In any event, there was expert medical testimony to the effect
that, even for an expert, the differential diagnosis of Lyme disease
can be difficult. There also was expert testimony to the effect that
the actual number of cases of Lyme disease presented to all
physicians in Delaware before and during 1988 was very small, and as
presented above, Defendant was the first Delaware ob-gyn confronted
with Lyme disease in a pregnancy. Experts testified that the first
diagnosis of any disease can be particularly challenging to a


A motion for a new trial because the jury's verdict is against the
weight of the evidence is addressed to the Court's discretion.
Storey v. Camper, Del. Supr., 401 A.2d 458, 464 (1979); quoted in
James v. Glazer, Del. Supr., 570 A.2d 1150, 1156 (1990). There is
"no clear-cut litmus test" that controls the court's exercise of
[*4] its discretion in these matters. Id. at 464. However, it is
now settled that, "barring some unusual factor in the case . . . a
trial court should not grant such a new trial motion unless the
jury verdict is at least against the great weight of the evidence."
Id. at 465. A verdict is against the great weight of the evidence
when no reasonable jury could have returned it. Implicit in this
standard of review is that the Court must view the evidence in the
light most favorable to the verdict and the Court will uphold the
verdict if the evidence supports inferences consistent with it.


Plaintiff argues that the jury's verdict was against the great
weight of the evidence in four ways. Plaintiff also points to the
length of the jury's deliberations as buttressing her claim.

Plaintiff first contends, in effect, that no reasonable jury could
have found that Plaintiff failed to prove by a preponderance of the
evidence that Defendant actually treated Plaintiff's skin condition.
As mentioned above, Plaintiff's family physician, who was not a
defendant at trial, initially misdiagnosed Plaintiff's condition as
ringworm, a skin fungus. He treated Plaintiff's condition with a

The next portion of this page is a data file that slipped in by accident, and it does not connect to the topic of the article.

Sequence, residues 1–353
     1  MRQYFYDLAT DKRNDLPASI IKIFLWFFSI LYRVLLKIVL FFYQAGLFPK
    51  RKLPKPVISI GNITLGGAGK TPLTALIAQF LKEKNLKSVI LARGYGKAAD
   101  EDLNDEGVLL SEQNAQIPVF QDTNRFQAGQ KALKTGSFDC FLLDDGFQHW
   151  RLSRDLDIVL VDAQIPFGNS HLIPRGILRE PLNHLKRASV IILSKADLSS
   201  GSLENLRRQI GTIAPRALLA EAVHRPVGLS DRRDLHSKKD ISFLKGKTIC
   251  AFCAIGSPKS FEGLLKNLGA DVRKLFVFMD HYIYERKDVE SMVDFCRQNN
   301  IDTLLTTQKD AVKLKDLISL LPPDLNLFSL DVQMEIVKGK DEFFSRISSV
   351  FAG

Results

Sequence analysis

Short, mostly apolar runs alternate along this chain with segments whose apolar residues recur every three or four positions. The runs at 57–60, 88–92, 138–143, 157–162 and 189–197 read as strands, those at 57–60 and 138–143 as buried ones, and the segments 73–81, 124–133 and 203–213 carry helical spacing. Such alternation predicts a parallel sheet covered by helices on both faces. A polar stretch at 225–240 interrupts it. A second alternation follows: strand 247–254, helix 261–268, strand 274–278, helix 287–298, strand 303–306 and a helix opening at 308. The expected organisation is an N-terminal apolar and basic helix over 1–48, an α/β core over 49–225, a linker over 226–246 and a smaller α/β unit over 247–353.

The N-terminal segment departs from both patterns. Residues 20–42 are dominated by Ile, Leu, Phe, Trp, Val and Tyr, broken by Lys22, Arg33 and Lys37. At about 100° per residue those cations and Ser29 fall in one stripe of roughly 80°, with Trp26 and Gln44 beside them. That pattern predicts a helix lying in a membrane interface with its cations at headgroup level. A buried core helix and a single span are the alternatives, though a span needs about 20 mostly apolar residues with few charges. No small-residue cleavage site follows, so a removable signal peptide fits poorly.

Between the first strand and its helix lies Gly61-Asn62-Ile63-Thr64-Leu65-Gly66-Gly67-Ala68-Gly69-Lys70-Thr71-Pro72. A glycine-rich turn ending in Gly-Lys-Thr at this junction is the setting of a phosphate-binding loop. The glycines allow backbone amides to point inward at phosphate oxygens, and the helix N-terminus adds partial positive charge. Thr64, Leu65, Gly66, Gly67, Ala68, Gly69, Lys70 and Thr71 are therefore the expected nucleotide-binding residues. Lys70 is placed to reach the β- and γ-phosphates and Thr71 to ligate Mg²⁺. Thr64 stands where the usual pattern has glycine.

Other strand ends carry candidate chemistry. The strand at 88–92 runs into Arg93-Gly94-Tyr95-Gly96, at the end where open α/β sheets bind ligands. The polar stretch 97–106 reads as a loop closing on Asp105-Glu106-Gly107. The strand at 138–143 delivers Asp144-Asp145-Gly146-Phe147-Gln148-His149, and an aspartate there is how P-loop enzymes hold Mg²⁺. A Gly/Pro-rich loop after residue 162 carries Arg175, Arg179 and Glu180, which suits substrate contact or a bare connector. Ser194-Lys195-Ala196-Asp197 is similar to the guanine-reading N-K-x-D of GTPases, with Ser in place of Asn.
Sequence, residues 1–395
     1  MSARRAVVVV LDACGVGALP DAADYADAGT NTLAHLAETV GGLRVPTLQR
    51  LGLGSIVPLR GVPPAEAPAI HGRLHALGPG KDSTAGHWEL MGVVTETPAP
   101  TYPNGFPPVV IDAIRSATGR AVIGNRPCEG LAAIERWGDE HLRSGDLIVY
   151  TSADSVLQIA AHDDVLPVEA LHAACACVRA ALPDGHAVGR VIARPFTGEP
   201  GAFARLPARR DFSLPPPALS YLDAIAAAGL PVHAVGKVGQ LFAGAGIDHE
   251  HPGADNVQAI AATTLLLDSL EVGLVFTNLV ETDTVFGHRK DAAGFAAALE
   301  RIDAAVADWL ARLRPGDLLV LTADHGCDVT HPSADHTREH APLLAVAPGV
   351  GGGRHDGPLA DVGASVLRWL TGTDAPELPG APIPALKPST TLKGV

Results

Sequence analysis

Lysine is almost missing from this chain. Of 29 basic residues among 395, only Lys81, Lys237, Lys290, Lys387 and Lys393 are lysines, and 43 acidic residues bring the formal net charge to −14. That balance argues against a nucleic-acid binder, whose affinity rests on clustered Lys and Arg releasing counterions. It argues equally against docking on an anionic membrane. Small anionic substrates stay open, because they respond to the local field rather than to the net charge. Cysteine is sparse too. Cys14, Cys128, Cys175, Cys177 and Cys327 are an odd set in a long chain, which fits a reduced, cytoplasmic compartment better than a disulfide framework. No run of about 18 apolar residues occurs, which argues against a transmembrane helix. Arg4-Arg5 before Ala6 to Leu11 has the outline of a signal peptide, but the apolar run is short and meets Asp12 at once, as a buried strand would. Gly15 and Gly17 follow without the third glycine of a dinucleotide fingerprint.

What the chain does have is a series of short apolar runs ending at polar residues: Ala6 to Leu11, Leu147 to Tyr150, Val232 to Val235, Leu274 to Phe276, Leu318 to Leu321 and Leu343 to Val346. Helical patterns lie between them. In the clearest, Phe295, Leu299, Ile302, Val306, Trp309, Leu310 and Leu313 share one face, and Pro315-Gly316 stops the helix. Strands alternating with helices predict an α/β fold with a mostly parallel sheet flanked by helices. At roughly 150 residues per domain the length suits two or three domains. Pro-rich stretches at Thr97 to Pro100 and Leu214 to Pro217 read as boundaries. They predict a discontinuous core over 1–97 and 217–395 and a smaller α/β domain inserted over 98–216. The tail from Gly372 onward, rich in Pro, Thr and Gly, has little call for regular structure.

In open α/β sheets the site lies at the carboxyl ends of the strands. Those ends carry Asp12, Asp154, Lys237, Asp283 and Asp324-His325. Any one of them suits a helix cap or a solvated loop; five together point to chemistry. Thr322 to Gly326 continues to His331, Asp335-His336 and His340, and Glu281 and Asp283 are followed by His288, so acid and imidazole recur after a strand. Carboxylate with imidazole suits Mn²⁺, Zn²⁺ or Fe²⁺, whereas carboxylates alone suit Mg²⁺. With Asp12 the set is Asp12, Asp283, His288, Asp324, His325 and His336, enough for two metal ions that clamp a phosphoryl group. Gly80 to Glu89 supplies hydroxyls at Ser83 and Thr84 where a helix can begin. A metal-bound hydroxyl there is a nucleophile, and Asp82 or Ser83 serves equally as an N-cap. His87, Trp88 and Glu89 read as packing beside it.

topical [*5] fungicide. Supposedly, during a later visit to
an obstetrical emergency room on July 9, 1988, Defendant changed the
fungicide. Primarily on that basis, Plaintiff claimed that
Defendant treated Plaintiff for Plaintiff's skin condition.
However, whether Defendant's conduct rose to the level of imposing
on Defendant the duty of rediagnosing Plaintiff's condition was
arguable. In any event, in light of the points discussed below, it
makes no difference here whether or not Defendant treated Plaintiff.

Plaintiff's second challenge to the jury's verdict seems
predicated on the idea that the standard of care for an obstetrician/
gynecologist in Delaware in 1988 required such a physician to be
familiar with national and local medical journals and popular press'
articles on Lyme disease. Plaintiff spent considerable time at
trial developing a body of literature with which Defendant was not
familiar. The gist of Plaintiff's claim appears to have been that if
Defendant had read the journals and the local newspaper, Defendant
would have been familiar with Lyme disease and she would have
correctly diagnosed it in her pregnant patient.

Even assuming that Plaintiff established her version of the
standard [*6] of care, which a reasonable jury readily could have